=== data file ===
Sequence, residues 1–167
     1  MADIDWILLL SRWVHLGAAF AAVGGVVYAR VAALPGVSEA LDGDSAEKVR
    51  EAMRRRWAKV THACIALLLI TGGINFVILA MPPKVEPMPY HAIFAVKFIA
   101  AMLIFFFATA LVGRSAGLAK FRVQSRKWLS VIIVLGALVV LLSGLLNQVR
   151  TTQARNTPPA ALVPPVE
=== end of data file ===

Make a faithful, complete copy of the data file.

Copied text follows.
Sequence, residues 1–167
     1  MADIDWILLL SRWVHLGAAF AAVGGVVYAR VAALPGVSEA LDGDSAEKVR
    51  EAMRRRWAKV THACIALLLI TGGINFVILA MPPKVEPMPY HAIFAVKFIA
   101  AMLIFFFATA LVGRSAGLAK FRVQSRKWLS VIIVLGALVV LLSGLLNQVR
   151  TTQARNTPPA ALVPPVE